• Iranians are mourning the death of Pirouz, a 10-month-old Asiatic cheetah cub born in captivity in Iran, and many are blaming authorities for failing to save him. Pirouz ,who died of kidney failure this week in a veterinary hospital in Tehran, had become a symbol of national pride and hope for the millions of Iranians who closely followed updates about his progress and shared images of him online. Two of the cub's littermates died within days of their birth in late April, but Pirouz, which means "victorious," had survived and given hope for a critically endangered species. Pirouz and growing concerns about the survival of Asiatic cheetahs in Iran were highlighted in the lyrics of Baraye, a Grammy-winning song written by Shervin Hajipour that became the anthem of the Iranian protest movement.

What We're Watching

Inspectors from the International Atomic Energy Agency (IAEA) have found uranium particles enriched up to 83.7 percent in Iran's underground Fordow nuclear site, a confidential report seen by Western news agencies said. "The report said that "discussions between the agency and Iran to clarify the matter are ongoing." The level of enriched uranium discovered is just short of the 90 percent needed for the production of nuclear weapons.

What's Next: The finding is likely to increase tensions over Iran's sensitive nuclear activities, which the country has expanded in past months. Tehran has maintained that it has not enriched uranium above 60 percent and that its nuclear program is for civilian purposes only, while acknowledging that "unintended fluctuations" during the enrichment process "may have occurred."

Kelsey Davenport, the director for nonproliferation policy at the U.S.-based Arms Control Association, said the discovery highlighted the need for additional monitoring of Iran's nuclear program. "Unlikely but not impossible that the 84 percent enriched particles were an accident. But by accident or intention, this incident underscores the critical need for additional monitoring & transparency," she said on Twitter.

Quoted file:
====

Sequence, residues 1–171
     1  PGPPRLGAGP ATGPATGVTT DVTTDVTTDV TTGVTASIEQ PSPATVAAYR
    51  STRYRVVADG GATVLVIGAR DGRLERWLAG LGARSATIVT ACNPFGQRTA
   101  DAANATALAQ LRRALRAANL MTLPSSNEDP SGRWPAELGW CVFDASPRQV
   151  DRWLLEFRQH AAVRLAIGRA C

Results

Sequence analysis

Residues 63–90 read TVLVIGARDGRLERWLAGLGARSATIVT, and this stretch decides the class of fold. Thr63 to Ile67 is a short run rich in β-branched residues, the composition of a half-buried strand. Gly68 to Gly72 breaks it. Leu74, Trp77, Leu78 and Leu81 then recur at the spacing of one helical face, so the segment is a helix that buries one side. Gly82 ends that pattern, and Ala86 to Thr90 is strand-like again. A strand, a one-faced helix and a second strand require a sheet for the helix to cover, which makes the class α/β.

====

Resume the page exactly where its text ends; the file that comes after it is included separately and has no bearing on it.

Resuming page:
The IAEA report follows comments by CIA chief William Burns, who said over the weekend that Iran's nuclear program had "advanced very far, to the point where it would only be a matter of weeks before they can enrich to 90 percent, if they chose to cross that line." Burns, however, added that Iranian Supreme Leader Ayatollah Ali Khamenei had apparently not made a decision on resuming the country's "weaponization program that we judge they suspended or stopped at the end of 2003."

That's all from me for now. Don't forget to send me any questions, comments, or tips that you have.

Until next time,

Golnaz Esfandiari

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    Golnaz Esfandiari

    Golnaz Esfandiari is managing editor of RFE/RL's Radio Farda, which breaks through government censorship to deliver accurate news and provide a platform for informed discussion and debate to audiences in Iran. She has reported from Afghanistan and Haiti and is one of the authors of The Farda Briefing newsletter. Her work has been cited by The New Yorker, The New York Times, The Washington Post, and other major publications. Born and raised in Tehran, she is fluent in Persian, French, English, and Czech.

About This Newsletter

The Farda Briefing

The Farda Briefing is an RFE/RL newsletter that tracks the key issues in Iran and explains why they matter. Written by senior correspondent Golnaz Esfandiari and other reporters from Radio Farda.